By Dr. Valerie Anithra Pereira
Have you ever been in a situation where you are sitting in a movie theatre and someone leans over to whisper something? Bam! You are hit with a bomb of stink from their mouth worse than the garbage truck! Or the overbearing relative leans in to kiss your cheek only to overpower you with the noxious gases emanating from their gob. Quite a situation isn’t it? Do you know what could be worse though? If YOU were the person all your friends and relatives were hiding from in fear of the malodour that they perceived to be worse than the Dementor’s kiss.
Halitosis, which is nothing but mouth odour or bad breath, is a very common affliction and affects more than 50% of the population.
What causes Halitosis?
Halitosis has multifactorial causes but 90% of the causes are from the oral cavity- the most prominent being poor oral hygiene and food lodgement. This leads to the growth of microorganisms which results in periodontal disease and dental caries. Other causes are tongue coating, oral carcinomas, and throat infections. Ill-fitting dentures and faulty restorations also result in an unpleasant odour. The Halitosis-causing bacteria use proteins as a source of nutrition and degrade them to produce volatile sulphur compounds and other odoriferous compounds which cause the bad smell.
9% of the causes are due to systemic causes like diseases of the respiratory tract, gastrointestinal tract, diseases of the liver, kidneys, urinary tract, or diabetic ketoacidosis. These are characterized by a peculiar type of odour like mousy, sweetish, fishy, acetone, uremic, putrefactive, fetid, or fruity depending on the cause.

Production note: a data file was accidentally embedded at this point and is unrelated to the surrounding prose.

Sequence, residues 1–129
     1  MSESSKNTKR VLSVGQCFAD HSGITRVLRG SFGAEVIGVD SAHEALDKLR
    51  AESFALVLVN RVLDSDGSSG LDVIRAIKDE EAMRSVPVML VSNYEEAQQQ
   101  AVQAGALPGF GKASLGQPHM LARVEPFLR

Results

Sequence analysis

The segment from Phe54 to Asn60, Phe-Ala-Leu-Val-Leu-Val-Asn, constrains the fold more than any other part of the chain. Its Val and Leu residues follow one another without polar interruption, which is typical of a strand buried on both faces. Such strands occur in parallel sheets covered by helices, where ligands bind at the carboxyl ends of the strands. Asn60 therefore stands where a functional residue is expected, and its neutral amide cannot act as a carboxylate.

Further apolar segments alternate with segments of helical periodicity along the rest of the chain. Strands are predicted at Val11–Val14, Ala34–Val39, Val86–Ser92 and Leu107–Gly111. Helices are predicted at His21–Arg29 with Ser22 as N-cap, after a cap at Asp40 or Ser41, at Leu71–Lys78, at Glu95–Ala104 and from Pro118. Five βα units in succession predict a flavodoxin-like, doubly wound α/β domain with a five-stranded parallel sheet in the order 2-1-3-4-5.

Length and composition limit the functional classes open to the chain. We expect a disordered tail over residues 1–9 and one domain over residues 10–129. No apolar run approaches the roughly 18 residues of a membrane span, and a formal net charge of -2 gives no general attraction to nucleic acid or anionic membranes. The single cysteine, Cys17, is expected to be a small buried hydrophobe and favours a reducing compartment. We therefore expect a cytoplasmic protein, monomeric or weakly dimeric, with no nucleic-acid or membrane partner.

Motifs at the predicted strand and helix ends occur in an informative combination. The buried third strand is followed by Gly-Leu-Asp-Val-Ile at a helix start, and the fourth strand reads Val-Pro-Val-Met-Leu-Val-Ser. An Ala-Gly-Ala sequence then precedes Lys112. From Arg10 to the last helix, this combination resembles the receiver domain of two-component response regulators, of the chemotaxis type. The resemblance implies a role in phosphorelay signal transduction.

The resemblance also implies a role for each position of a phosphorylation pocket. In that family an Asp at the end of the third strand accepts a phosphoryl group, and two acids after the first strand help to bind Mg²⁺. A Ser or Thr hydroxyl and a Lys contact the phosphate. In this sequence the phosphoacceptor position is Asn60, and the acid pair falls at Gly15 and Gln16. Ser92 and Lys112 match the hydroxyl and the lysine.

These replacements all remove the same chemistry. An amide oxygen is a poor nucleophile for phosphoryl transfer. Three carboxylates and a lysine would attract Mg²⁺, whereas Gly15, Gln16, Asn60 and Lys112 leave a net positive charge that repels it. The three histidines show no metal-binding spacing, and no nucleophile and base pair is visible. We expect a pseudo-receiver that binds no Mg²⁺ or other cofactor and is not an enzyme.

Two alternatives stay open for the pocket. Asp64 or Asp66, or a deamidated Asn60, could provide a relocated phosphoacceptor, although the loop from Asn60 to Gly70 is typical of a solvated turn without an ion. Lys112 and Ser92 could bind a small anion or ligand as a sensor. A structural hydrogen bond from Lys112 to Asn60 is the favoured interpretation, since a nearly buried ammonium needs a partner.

- 1% is due to diet and drugs.
- Physiological Halitosis, which is normal, is due to eating foods like garlic or morning breath due to decreased salivary flow at night when one sleeps.
- Smoking, menstruation, and alcohol also cause mouth odour.
- Disorders like depression or psychosis may also cause Halitosis.
Most important for the treatment of halitosis is the detection and determination of the source by clinical examination by a dentist. Once the cause is established the dentist may do the needful procedures to remove the etiology. The dentist may also be the one who detects the systemic cause and refers for a consultation to the physician.
Pseudohalitosis is a condition where the patient complains of Halitosis which is not perceived by others and this needs a referral to a clinical psychologist.
- Treatment at the dental clinic will include simple measures such as scaling and root planing, instructions for oral hygiene, tongue cleaning, and mouth rinsing.
- Chewing gum and mints, mouth rinses and sprays decrease the odour. However, these are just ways to mask the odour with fragrance. These approaches should be only used as temporary measures.
- Professional identification of the etiology and treatment of Halitosis is necessary.
So do visit the Dentist if you have Halitosis; lest you become the foul-breathing dragon people run away in fear from.
About the Author:
Dr. Valerie Anithra Pereira is a consultant dentist who specialises in Peridontics (gums). She completed her BDS from AJ Institute of Dental Sciences, Mangalore. She then practiced at Narayana Hrudayalaya in Bangalore before going on to do her Masters in Periodontics and Implantology at Rajiv Gandhi University of Health Sciences in Coorg. She has worked as an Assistant Professor in Periodontology at Bhopal University and Maharashtra University of Health Sciences, Nashik She is available for consultation in Panjim. She can be contacted via WhatsApp on: 8208007184.